New APD building features police museum - WALB.com, Albany News, Weather, Sports

New APD building features police museum

August 19, 2005

Albany-- When most people think about sight-seeing, a trip to the police department isn't something that usually tops their list.

But Albany's new law enforcement center has become more than just a $14.5 million home for the police department. A new museum inside the building pays homage to the city's law enforcement history, while serving as a history lesson for visitors.

More than 110 years of Albany police history are kept behind this door, and Frances Anderson holds decades of those memories.

"The first chief of police I worked for was chief Laurie Prichett, and I worked for five police chiefs, and the last one I worked for was Chief Washington Long," she says.

The 70-year-old was hired as secretary for Chief Prichett in 1959. Amazingly, she can still fit into her uniform 45 years after she first put it on. "It feels great just like I'm supposed to be in it," Anderson says.

Anderson has become the police department's unofficial historian. In fact, she was there for many of it's firsts. "That was in November of 1964. Chief Prichett hired the first black officers for the department," she says as she points to a picture of the officers known as the "Big Six."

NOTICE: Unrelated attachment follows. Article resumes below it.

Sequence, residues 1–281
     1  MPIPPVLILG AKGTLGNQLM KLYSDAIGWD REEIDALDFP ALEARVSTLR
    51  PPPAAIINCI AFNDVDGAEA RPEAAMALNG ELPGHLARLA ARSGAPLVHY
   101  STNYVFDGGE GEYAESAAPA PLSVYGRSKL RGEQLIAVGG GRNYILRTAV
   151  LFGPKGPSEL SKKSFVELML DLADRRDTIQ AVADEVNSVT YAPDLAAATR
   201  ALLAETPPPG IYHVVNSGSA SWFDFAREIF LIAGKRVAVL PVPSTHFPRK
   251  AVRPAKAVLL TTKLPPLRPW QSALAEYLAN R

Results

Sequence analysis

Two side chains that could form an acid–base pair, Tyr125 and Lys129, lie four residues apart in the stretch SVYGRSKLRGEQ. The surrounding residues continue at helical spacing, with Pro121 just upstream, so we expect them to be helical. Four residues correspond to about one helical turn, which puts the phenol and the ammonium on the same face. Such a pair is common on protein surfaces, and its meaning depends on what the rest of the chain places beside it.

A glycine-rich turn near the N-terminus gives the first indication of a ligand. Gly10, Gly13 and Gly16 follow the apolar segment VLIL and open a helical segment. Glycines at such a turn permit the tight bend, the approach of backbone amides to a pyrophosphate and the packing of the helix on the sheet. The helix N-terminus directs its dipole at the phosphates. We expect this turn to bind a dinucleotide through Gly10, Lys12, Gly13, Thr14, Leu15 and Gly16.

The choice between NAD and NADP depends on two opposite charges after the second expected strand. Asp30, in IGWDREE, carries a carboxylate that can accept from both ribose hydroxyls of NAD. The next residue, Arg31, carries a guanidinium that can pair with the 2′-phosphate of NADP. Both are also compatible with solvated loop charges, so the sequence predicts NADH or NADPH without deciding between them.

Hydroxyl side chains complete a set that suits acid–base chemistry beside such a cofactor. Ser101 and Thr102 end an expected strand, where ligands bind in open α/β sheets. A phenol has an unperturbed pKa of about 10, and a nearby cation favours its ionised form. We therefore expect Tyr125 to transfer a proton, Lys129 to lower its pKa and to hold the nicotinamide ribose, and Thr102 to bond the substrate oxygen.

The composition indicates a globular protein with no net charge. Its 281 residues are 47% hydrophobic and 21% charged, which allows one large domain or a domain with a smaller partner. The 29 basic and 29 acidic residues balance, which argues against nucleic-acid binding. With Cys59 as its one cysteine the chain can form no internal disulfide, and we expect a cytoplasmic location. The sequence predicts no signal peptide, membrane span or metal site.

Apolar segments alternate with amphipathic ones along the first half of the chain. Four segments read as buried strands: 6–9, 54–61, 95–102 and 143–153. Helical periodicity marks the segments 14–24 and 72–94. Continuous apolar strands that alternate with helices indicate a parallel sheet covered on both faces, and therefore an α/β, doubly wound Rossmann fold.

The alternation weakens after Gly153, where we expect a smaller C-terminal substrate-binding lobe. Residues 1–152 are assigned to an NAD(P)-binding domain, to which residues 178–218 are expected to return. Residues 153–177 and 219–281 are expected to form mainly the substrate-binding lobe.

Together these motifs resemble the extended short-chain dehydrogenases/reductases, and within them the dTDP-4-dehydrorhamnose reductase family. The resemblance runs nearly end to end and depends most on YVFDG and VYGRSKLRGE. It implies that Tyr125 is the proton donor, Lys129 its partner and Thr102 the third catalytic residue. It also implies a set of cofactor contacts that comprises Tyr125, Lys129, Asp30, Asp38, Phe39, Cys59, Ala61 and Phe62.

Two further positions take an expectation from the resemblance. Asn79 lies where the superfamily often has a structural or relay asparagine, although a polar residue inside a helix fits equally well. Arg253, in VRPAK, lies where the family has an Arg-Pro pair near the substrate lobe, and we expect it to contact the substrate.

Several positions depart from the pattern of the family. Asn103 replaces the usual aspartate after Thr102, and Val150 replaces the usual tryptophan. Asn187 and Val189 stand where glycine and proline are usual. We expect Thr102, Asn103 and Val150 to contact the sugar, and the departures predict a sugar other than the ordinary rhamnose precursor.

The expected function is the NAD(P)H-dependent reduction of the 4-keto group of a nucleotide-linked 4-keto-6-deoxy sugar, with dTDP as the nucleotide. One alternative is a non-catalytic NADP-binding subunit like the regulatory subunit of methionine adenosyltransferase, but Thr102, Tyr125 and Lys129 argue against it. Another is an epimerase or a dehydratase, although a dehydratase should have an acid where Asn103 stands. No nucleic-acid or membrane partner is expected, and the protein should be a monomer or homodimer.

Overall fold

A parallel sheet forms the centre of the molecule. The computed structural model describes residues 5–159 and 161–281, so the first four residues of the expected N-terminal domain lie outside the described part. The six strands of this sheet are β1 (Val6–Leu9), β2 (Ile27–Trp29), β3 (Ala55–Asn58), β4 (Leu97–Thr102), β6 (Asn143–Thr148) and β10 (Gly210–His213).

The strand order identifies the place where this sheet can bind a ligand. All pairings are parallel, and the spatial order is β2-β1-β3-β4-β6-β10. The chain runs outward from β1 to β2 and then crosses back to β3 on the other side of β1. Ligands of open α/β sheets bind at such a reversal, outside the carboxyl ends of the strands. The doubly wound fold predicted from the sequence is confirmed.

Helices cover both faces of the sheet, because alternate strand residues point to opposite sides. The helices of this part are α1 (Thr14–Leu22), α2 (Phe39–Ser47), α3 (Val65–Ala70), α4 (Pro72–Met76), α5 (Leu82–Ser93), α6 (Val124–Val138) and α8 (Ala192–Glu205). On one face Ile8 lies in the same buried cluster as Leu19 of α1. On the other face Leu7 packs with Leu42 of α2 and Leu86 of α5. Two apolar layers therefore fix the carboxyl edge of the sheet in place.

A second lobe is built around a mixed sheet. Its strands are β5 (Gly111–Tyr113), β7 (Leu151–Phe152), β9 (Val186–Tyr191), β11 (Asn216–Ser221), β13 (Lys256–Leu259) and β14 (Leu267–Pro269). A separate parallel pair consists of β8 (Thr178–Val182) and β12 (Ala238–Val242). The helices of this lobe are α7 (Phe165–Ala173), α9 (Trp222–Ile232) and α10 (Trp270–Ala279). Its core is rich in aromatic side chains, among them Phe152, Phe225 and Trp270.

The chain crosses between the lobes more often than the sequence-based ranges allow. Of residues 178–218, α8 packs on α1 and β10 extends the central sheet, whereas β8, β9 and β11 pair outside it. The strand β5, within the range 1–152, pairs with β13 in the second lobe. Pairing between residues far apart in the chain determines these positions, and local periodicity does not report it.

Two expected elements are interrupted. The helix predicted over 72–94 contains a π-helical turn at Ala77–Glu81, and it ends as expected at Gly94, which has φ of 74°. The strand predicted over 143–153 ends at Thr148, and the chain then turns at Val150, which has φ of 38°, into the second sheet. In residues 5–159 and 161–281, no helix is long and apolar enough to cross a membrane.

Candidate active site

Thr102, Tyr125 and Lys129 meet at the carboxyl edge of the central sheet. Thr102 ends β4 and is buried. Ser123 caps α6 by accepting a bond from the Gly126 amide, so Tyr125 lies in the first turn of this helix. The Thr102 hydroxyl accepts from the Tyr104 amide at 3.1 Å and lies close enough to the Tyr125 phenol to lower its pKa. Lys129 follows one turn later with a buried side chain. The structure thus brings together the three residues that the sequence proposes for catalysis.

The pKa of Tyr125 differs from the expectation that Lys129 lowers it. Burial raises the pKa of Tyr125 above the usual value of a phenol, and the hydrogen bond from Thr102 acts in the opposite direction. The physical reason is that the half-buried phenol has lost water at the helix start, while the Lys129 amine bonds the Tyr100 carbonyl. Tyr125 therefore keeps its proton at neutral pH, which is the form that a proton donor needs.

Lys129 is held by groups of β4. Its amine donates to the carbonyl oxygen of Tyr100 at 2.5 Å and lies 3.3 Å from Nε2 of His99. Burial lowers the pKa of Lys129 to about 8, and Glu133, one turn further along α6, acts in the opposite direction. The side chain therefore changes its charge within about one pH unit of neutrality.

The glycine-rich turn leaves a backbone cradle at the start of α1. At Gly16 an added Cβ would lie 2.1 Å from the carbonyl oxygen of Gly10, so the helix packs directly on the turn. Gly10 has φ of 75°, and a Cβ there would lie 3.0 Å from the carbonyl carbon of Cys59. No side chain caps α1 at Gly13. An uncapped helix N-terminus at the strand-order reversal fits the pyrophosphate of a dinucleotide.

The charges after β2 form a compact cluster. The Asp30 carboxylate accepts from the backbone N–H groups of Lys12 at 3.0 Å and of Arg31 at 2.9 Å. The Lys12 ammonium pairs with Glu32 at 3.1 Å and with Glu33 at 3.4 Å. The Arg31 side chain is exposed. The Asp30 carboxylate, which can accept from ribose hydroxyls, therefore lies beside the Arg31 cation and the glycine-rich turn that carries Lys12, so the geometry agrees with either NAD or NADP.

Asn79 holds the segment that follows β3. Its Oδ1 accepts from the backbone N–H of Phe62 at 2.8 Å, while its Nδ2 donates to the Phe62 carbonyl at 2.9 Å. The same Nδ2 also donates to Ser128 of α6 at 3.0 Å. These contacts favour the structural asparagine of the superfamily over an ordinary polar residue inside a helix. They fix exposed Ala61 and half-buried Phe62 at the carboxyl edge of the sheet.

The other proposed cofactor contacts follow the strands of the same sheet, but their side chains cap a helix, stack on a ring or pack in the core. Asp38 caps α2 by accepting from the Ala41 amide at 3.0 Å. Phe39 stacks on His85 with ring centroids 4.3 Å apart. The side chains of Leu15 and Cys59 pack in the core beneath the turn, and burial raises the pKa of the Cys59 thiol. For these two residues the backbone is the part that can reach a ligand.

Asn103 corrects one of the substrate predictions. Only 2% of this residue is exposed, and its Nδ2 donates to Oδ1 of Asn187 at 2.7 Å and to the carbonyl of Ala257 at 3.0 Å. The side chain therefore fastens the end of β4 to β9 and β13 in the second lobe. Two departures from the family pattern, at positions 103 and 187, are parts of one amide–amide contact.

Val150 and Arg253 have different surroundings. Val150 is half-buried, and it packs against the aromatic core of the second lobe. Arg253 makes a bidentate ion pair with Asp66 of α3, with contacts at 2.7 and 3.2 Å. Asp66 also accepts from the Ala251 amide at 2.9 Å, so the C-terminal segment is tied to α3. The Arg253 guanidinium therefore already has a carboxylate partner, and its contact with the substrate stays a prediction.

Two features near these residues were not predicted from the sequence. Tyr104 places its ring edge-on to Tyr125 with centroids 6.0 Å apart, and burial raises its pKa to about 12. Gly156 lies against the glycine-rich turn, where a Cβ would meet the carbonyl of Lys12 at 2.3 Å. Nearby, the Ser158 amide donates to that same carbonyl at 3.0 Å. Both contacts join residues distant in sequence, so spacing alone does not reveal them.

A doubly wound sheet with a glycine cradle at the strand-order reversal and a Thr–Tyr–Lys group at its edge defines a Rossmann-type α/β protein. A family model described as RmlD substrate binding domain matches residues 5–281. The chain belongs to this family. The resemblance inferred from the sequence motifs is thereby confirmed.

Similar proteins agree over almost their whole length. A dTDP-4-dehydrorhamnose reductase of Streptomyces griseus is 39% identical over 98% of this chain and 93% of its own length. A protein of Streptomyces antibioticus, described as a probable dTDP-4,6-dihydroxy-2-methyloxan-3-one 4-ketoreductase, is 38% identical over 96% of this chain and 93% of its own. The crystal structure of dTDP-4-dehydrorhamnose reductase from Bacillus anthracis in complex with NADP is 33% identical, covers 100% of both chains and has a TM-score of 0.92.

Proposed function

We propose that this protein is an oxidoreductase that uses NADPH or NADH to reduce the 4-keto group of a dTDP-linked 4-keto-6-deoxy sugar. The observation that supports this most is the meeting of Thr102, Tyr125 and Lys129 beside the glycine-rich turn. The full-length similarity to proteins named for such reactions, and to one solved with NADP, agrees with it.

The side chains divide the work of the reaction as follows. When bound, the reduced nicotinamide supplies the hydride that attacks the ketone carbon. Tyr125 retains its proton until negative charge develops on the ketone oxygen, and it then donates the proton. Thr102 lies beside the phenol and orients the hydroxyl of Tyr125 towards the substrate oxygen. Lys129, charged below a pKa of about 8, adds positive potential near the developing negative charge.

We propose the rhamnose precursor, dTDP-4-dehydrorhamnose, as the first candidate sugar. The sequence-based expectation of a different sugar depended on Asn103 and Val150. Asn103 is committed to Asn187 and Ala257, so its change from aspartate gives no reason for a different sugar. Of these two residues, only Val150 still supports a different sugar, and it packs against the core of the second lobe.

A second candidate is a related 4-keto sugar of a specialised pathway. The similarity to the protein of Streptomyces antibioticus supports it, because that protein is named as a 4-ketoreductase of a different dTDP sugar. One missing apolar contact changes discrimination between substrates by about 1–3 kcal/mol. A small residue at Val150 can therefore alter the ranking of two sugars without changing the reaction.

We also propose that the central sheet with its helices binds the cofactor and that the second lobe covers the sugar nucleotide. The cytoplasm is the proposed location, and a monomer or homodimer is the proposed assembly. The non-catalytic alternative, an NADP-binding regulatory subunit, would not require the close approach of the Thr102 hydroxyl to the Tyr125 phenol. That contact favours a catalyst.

Some of her favorite memories, working during Albany's civil rights movement. "Back over at the old building they had an alley. They kind of brought them up in the alley and they'd get right behind my window and sing We Shall Overcome. It was just beautiful," Anderson says.

But there's more to this museum than just old photos. This mounted rabbit was key evidence in an arson and murder case. One of the detectives who cracked left it as inspiration to those that would come after him. "He left the rabbit here hoping other officers would always dig a little deeper trying to find exactly what happened,"

One of the largest artifacts is housed outside. It's a fully-restored 1967 Ford Galaxy, now a permanent part of the police department fleet. "A lot of the artifacts that you see inside the museum are on loan from many of our retirees or some of our current officers that have a family lineage to the Albany Police Department," she said.

But there is one item officers have had no luck finding. "We've got a picture of all of our chiefs dating back to 1891, but we're looking for Chief Lockett. If anybody happens to be related to him, or has a picture of him, we would deeply appreciate it," says Lt. Tracey Barnes.

Even though it may not be complete, Frances Anderson says she's proud of the department's history, and is hoping visitors will be too.

Exhibits at the Law Enforcement Museum will be rotated. Admission to the museum is included in a tour of the new law enforcement center.

For scheduling information call the Albany Police Department.

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